At least 8 historical eruptions have been documented at Bogoslof. The most recent prior to 2016 occurred from July 6-24, 1992, and produced episodic steam and ash emissions including an ash cloud up to 26,000 ft (8 km) asl on July 20, followed the next day by extrusion of a new 150 m (500 ft) by 275 m (900 ft) lava dome on the north end of the island. Previous eruptions of the volcano have lasted weeks to months, and have on occasion produced ash fall on Unalaska. Eruptions of the volcano are often characterized by multiple explosive, ash-producing events such as we have seen in 2016, as well as the growth of lava domes.
52°49'20" N 169°56'42" W,
Summit Elevation 5676 ft (1730 m)
Current Volcano Alert Level: WATCH
Current Aviation Color Code: ORANGE
No significant activity was observed in satellite or web camera views this week, though the volcano was almost entirely obscured by clouds. No significant volcanic activity has been detected in seismic or infrasound data over the past week.
We have had no additional observations of the lava dome that began extruding in the summit crater in late January.
Cleveland volcano is not monitored with a real-time seismic network and this inhibits AVO's ability to detect unrest that may lead to an explosive eruption. Rapid detection of an ash-producing eruption may be possible using a combination of satellite, infrasound, lightning data and local observations.
Cleveland volcano forms the western portion of Chuginadak Island, a remote and uninhabited island in the east central Aleutians. The volcano is located about 75 km (45 mi) west of the community of Nikolski, and 1500 km (940 mi) southwest of Anchorage. The most recent significant period of eruption began in February, 2001 and produced 3 explosive events that generated ash clouds as high as 39,000 ft above sea level. The 2001 eruption also produced a lava flow and hot avalanche that reached the sea. Since then, Cleveland has been intermittently active producing small lava flows, often followed by explosions that generate small ash clouds generally below 20,000 ft above sea level. These explosions also launch debris onto the slopes of the cone producing hot pyroclastic avalanches and lahars that sometimes reach the coastline.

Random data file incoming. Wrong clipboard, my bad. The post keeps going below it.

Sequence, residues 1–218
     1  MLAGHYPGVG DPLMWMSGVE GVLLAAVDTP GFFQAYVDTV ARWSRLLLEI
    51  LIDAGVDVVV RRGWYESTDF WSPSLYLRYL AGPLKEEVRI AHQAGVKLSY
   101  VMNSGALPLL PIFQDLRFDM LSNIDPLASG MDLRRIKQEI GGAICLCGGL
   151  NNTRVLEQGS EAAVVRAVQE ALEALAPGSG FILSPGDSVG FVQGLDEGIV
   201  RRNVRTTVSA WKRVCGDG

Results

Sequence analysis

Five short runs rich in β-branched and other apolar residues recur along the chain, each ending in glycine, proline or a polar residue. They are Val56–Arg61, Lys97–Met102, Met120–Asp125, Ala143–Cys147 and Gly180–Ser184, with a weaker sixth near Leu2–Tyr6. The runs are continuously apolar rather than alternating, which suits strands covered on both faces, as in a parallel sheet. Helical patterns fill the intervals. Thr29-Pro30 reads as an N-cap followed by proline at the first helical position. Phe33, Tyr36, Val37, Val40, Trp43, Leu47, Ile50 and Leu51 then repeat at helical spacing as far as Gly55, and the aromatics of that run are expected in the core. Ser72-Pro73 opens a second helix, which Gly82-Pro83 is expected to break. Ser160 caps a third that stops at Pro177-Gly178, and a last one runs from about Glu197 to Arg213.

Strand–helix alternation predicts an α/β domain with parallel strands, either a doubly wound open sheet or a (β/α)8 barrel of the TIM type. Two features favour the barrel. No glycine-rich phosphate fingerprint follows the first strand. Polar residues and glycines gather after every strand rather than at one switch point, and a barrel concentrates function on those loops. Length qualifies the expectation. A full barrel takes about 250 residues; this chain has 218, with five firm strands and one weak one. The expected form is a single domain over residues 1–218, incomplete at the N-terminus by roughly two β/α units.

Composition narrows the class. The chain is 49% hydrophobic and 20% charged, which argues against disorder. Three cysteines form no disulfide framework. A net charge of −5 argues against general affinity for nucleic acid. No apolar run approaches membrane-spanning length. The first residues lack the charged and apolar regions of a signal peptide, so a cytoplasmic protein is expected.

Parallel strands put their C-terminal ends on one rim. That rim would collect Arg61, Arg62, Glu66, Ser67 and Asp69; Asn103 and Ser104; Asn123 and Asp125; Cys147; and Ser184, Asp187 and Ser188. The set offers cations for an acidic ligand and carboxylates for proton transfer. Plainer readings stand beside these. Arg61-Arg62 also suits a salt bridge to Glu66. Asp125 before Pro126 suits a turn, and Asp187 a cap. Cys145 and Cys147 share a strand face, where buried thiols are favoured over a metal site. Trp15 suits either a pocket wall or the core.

OTHER ALASKA VOLCANOES
Information on all Alaska volcanoes is available at : http://www.avo.alaska.edu.
AVO scientists conduct daily checks of earthquake activity at all seismically-monitored volcanoes, examine web camera and satellite images for evidence of airborne ash and elevated surface temperatures, and consult other monitoring data as needed.
For definitions of Aviation Color Codes and Volcano Alert Levels, see: http://www.avo.alaska.edu/color_codes.php
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Michelle Coombs, Scientist-in-Charge, USGS
email@example.com (907) 786-7497
Jeff Freymueller, Coordinating Scientist, UAFGI
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The Alaska Volcano Observatory is a cooperative program of the U.S. Geological Survey, the University of Alaska Fairbanks Geophysical Institute, and the Alaska Division of Geological and Geophysical Surveys.